Oak Bluffs has 16 employees with personal service contracts, multi-year agreements that usually reward the worker with additional perks and a higher level of pay than other municipal and union employees. In Oak Bluffs there are far more personal service contracts than in any other town on the Vineyard, and possibly in the state.

Most of the contracts extend for more than one year and automatically renew unless the town or the employee gives notice. Six of the contracts stipulate that the town will pay 100 per cent of the employees' health premiums.

Mr. Rappaport and Mr. Gilman note that state law recommends that personal service contracts be limited to the four positions of town administrator, town accountant, police chief and fire chief. The contracts are limited because town budgets and salary appropriations are made on an annual basis.

News of the town's high number of personal service contracts first surfaced last year after Ms. Sharpe, who had her own personal service contract as well, left her post. At first selectmen said Ms. Sharpe had resigned, but later they confirmed that they had agreed to terminate her without cause - at her own request - triggering a clause in her contract that paid her a severance package of $76,000 in salary and benefits.

Mr. Rappaport and Mr. Gilman conclude that the contracts for five department heads are illegal and therefore invalid: highway superintendent, wastewater superintendent, principal assessor, harbor master and informational and technology director.

They recommend that the employees be notified that effective July 1 they will be paid under the terms of the town personnel bylaw, but it stops short of recommending that any unauthorized amounts be paid back to the town.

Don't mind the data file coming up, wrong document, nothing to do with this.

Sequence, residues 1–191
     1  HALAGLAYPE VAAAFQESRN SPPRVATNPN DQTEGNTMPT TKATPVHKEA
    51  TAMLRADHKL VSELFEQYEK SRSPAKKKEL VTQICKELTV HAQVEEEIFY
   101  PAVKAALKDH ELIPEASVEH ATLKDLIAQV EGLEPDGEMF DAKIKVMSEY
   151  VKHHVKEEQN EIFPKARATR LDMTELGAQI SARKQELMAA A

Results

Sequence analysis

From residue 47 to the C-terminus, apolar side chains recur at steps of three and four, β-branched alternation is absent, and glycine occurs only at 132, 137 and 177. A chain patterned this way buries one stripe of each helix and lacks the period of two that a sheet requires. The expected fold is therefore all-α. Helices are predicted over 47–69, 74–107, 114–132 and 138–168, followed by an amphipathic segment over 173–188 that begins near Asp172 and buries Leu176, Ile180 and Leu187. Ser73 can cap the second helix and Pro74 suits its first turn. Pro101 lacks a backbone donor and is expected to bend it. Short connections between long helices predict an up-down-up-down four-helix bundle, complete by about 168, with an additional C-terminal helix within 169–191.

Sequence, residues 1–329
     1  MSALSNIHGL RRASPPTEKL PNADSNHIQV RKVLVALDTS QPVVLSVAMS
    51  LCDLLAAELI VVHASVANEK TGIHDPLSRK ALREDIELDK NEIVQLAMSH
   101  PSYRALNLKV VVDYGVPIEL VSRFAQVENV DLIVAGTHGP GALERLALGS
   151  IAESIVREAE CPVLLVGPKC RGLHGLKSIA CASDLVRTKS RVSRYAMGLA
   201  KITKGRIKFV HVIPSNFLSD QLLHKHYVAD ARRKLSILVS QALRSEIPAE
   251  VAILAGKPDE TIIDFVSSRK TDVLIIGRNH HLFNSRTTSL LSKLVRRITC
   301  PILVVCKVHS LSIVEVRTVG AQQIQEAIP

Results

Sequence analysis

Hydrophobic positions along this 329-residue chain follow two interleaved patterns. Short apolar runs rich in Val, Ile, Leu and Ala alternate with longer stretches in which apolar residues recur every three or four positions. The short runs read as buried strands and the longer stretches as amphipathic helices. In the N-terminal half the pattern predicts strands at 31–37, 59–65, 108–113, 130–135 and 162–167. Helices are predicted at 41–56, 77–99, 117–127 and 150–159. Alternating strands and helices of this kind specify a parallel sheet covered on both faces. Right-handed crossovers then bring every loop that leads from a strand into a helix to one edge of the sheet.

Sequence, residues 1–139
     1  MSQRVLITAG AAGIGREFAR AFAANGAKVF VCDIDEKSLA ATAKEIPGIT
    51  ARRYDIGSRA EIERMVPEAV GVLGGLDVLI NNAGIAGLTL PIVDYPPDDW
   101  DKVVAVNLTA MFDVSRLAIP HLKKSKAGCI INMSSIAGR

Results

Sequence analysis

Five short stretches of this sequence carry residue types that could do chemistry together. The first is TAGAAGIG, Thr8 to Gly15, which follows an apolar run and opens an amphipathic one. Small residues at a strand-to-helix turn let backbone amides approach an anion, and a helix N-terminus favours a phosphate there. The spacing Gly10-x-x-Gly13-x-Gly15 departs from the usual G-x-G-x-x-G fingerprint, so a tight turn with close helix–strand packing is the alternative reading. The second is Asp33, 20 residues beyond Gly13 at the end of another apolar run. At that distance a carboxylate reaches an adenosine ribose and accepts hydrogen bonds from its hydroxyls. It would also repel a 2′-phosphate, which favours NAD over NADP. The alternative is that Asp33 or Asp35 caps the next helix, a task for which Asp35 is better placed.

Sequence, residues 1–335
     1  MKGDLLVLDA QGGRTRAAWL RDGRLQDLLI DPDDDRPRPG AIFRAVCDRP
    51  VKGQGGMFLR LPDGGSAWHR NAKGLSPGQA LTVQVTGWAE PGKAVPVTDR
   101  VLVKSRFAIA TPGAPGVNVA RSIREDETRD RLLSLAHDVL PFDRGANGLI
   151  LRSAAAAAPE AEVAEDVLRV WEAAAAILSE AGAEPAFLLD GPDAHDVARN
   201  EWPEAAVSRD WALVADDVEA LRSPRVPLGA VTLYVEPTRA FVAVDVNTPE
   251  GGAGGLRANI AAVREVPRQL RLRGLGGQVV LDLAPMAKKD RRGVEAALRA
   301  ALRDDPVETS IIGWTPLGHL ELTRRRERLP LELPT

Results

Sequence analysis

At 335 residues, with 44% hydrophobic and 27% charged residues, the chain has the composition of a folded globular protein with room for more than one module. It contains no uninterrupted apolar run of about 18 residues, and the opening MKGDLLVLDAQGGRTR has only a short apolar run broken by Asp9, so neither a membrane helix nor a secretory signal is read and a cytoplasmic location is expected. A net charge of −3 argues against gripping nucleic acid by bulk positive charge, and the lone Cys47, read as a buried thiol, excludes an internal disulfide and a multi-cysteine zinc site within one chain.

"But [we] advise that payments for bonuses and reimbursement for health insurance not happen again," the two attorneys write.

Mr. Rappaport and Mr. Gilman declined to offer an opinion on town finance director Paul Manzi's practice of treating travel and expense money as income for the purpose of his retirement fund, noting that the issue falls under the purview of the Dukes County retirement board.

But they did offer their services to help with what is likely to be fallout in the weeks and months ahead for town employees whose contracts are illegal.

"We are available to provide guidance as to how to restructure arrangements with various persons who are affected by our opinion," the two attorneys write.

Two selectmen who had seen the letter offered different reactions yesterday.

Board chairman Duncan Ross said it is still unclear whether the town did anything improper or illegal. "There may be more room for interpretation as to who can and can't receive contracts," he said.

Mr. Ross said selectmen will likely discuss the letter either at a regular or special meeting in the coming weeks.

"We need to get our ducks in a row first before we do anything. Whatever happens next, we have to careful not to hurt or penalize our employees, because they are not at fault here," he said.

Ms. Scott said the opinion from Mr. Rappaport and Mr. Gilman should serve as a starting point for creating parity for all town employees.

"When I first looked into this last April, my intention was not to penalize or expose anyone for how much money they made or the types of benefits they received. It's to try and create a healthy working environment where people are treated fairly," she said, adding: "Town employees - and town residents, for that matter - are not well served by a culture in which back door agreements are made and such an obvious consolidation of power exists. It's not good for employee morale, and it's just not good for the town," she said.